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Earth Surface Dynamics An interactive open-access journal of the European Geosciences Union
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Preprints
https://doi.org/10.5194/esurf-2020-90
© Author(s) 2020. This work is distributed under
the Creative Commons Attribution 4.0 License.
https://doi.org/10.5194/esurf-2020-90
© Author(s) 2020. This work is distributed under
the Creative Commons Attribution 4.0 License.

  31 Oct 2020

31 Oct 2020

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This preprint is currently under review for the journal ESurf.

Laboratory observations on meltwater meandering rivulets on ice

Roberto Fernández1,2 and Gary Parker2,3 Roberto Fernández and Gary Parker
  • 1Energy and Environment Institute, University of Hull, Hull, HU6 7RX, UK
  • 2Ven Te Chow Hydrosystems Laboratory, Department of Civil and Environmental Engineering, University of Illinois at Urbana-Champaign, Urbana, IL 61801, USA
  • 3Department of Geology, University of Illinois at Urbana-Champaign, Urbana, IL 61801, USA

Abstract. We present a set of observations on meltwater meandering rivulets on ice and compare them (qualitatively and quantitatively) to morphologies commonly found in meandering channels in different media. The observations include data from planned centimeter-scale experiments, and from incidental self-formed millimeter-scale rivulets. Our data show pulsed lateral migration features, undercut banks and overhangs, meander bend skewness, and meander bend cutoffs. The data also compare well with planform characteristics of alluvial meandering rivers (sinuosity, wavelength-to-width ratios, and meander bend fatness and skewness). We discuss the (ir)relevance of scale in our experiments, which in spite of being in the laminar flow regime, and are likely affected by surface tension effects, are capable of shedding light into the processes driving formation and evolution of supraglacial meltwater meandering channels. Our observations suggest that sinuosity growth in meltwater meandering channels on ice is a function of flow velocity and the interplay between vertical and lateral incision driven by temperature differences between flow and ice. In the absence of recrystallization (depositional analog to alluvial rivers), bends are more likely to be downstream skewed and channels show lower sinuosities.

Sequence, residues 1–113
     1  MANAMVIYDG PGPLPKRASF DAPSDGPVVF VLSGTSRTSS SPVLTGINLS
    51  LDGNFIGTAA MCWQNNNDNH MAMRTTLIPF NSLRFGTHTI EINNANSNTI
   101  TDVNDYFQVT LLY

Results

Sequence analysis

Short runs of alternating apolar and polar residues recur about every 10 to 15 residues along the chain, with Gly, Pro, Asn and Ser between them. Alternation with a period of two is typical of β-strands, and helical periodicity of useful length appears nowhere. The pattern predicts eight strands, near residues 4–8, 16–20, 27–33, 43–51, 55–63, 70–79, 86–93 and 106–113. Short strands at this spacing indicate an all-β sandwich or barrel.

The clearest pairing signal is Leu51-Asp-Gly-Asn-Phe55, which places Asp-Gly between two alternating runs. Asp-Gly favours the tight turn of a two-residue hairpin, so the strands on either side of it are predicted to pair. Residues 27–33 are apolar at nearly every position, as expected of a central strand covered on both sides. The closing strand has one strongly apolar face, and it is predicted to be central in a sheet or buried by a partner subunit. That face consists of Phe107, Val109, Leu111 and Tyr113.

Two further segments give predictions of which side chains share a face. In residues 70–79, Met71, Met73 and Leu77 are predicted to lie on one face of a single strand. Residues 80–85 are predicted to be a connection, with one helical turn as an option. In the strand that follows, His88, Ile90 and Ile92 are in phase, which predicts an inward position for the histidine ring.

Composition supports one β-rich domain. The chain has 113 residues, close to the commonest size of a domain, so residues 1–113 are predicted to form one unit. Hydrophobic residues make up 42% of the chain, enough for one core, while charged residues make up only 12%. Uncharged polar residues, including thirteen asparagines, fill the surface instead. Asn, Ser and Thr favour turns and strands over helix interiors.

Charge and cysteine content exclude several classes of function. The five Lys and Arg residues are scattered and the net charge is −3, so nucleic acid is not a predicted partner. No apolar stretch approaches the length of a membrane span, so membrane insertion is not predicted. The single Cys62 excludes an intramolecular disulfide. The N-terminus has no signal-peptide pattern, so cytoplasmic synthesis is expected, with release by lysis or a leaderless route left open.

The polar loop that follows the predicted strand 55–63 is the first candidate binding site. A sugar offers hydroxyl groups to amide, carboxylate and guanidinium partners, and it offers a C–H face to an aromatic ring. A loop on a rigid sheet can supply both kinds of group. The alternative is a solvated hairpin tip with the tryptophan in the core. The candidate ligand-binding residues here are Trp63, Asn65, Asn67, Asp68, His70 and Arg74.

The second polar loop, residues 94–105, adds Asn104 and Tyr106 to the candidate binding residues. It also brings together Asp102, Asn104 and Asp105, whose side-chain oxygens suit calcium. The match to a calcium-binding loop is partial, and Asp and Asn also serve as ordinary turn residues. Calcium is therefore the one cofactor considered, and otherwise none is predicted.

Roberto Fernández and Gary Parker

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Roberto Fernández and Gary Parker

Data sets

Meltwater Meandering Channels on Ice: Centerlines and Images. Roberto Fernández, Gary Parker, and Colin P. Stark https://doi.org/10.13012/B2IDB-4384362_V1

Video supplement

Ice Meandering 01 Roberto Fernández https://doi.org/10.5446/40431

Ice meandering 02 Roberto Fernández https://doi.org/10.5446/40432

Roberto Fernández and Gary Parker

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Short summary
We present a set of observations from laboratory experiments on meltwater meandering rivulets on ice and compare them (qualitatively and quantitatively) to patterns commonly found in meandering channels flowing over different materials. Our channels display great similarities with real rivers in spite of being much smaller. Higher temperature differences between water and ice create deeper and less sinuous channels with bends that preferentially point downstream and are not as rounded.
We present a set of observations from laboratory experiments on meltwater meandering rivulets on...
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